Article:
This week we talked about two articles that took a critical approach to modern political reporting. Barnhurst extended his long journalism hypothesis to cover NPR, and Didion analyzed how complicit political reporters were in perpetuating a candidate’s PR campaign.
Barnhurst’s long journalism hypothesis states that journalism has become more focused on a journalist’s opinion and analysis than on the facts, that at the same time these longer interpretive stories have become more negative and less local.
I would have to agree with Barnhurst’s hypothesis, and what I would like to do in this post is show how one counter-example does, in fact, prove the trend.
Politifact is “an independent fact-checking journalism website aimed at bringing you the truth in politics” that analyzes individual factual statements by politicians and tells you, in one simple (and at times entertaining) graphic how accurate that “fact” actually is. Ratings range from “True” to “Pants on Fire” and each rating is accompanied by a detailed analysis and justification for their rating. The analysis usually goes to experts when an expert opinion is required.
Politifact is a Pulitzer-Prize winning website (earned for its coverage of the 2008 election), earned because it separated “rhetoric from truth to enlighten voters.” How does this counter-example to the long journalism hypothesis help to prove it? Because what Politifact does is considered rare and exceptional, when in fact it is providing a basic service that any news institution should be doing.
What Politifact does is simple. A reporter hears a statement during a speech that sounds questionable. They then do research and talk to experts to determine if the factual claim made (not an opinionated claim) is in fact true. And then they rate the truthfulness of the statement and provide a detailed explanation of their rating. Taking out the catchy ratings system, this is a simple process that is well within the capabilities of any reporter.
To explain why Politifact is so unique, I turn to a fantastic series of anecdotes in Didion’s story that are still largely applicable today. Would a Politifact reporter care that a candidate thinks he’s “tough” for tossing around a ball? No, because there is no factual statement there to analyze. What does a Politifact reporter care about? The latest “Pant’s on Fire” rating went to Duncan Hunter, for claiming that “At least 10 ISIS fighters have been caught coming across the Mexican border in Texas and there are dozens more that did not get caught by the Border Patrol.”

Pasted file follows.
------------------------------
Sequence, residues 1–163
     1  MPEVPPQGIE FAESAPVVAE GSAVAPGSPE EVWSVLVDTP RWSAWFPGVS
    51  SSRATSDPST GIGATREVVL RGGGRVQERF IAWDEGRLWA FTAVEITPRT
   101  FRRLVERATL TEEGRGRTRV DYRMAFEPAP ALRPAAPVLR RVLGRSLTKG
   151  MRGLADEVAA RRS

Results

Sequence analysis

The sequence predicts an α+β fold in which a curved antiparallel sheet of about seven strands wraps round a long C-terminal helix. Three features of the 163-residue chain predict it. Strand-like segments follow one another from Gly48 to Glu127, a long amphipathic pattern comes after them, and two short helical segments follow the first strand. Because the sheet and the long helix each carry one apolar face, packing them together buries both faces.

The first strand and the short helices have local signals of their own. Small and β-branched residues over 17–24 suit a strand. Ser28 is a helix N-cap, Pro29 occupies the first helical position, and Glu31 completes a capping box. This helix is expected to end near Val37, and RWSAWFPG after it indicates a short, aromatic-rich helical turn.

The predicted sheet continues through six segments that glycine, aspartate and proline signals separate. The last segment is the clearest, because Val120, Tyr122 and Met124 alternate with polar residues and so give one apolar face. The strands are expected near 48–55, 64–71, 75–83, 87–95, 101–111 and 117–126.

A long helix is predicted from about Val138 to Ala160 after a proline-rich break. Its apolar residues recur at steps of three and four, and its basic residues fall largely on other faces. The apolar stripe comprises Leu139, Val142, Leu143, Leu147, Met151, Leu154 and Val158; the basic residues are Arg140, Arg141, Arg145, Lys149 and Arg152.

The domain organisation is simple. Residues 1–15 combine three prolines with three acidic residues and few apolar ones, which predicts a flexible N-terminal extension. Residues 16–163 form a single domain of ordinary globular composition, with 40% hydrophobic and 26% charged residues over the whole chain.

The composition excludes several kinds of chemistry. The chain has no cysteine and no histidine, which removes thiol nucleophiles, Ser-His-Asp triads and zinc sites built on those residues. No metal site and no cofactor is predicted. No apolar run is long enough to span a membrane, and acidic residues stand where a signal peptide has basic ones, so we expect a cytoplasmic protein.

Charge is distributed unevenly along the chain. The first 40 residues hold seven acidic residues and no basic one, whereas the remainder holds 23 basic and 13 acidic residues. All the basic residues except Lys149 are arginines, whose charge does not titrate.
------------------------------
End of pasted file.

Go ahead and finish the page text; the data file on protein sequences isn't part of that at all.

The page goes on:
Right now on CNN’s political page, the top story is “Obama’s midterm malaise.” It’s got alliteration, and a very opinionated lead: “At pricey fundraisers — where there’s plenty of freedom to offer an unvarnished view of the world away from the cameras — President Barack Obama is sounding increasingly pessimistic about his party’s chances in the midterm elections.”
CNN follows the long journalism trend, and directly comparing these two latest stories from a major broadcast news outlet and a local newspaper’s web project shows just how much journalism has suffered as a result of this trend.
Politifact also demonstrates another one of the trends Didion identifies, again by being the counterexample. Didion stated in her story that people were growing increasingly disconnected from politicians and the media due to this PR servicing, since normal political discourse disconnects voters from “the process.”
So what does a normal layperson care more about – midterm malaise or a claim that ISIS fighters have crossed the border into the US? By focusing on the facts, Politifact is not only keeping politicians honest, but they are bringing the political discourse down to a level that normal people care about and can understand. I don’t know what exactly “mid-term malaise” is or if it’s unique to the current president, but it doesn’t really effect my everyday life. The fact that this is the CNN’s top political story shows how the long journalism trend effects readers in a way that Didion predicted a couple decades ago.
KEVIN G. BARNHURST (2003): The Makers of Meaning: National Public Radio and the New Long Journalism, 1980-2000, Political Communication, 20:1, 1-22
Joan Didion. (October 27, 1988). “Insider Baseball.” The New York Review of Books. Available online at: http://www.nybooks.com/articles/archives/1988/oct/27/insider- baseball/
“Pants on Fire: Duncan Hunter Makes Unconfirmed Claim Border Patrol Caught at Least 10 ISIS Fighters.” @politifact. N.p., n.d. Web. 10 Oct. 2014.
Acosta, Jim. “Obama’s Midterm Malaise.” CNN. Cable News Network, 10 Oct. 2014. Web. 10 Oct. 2014.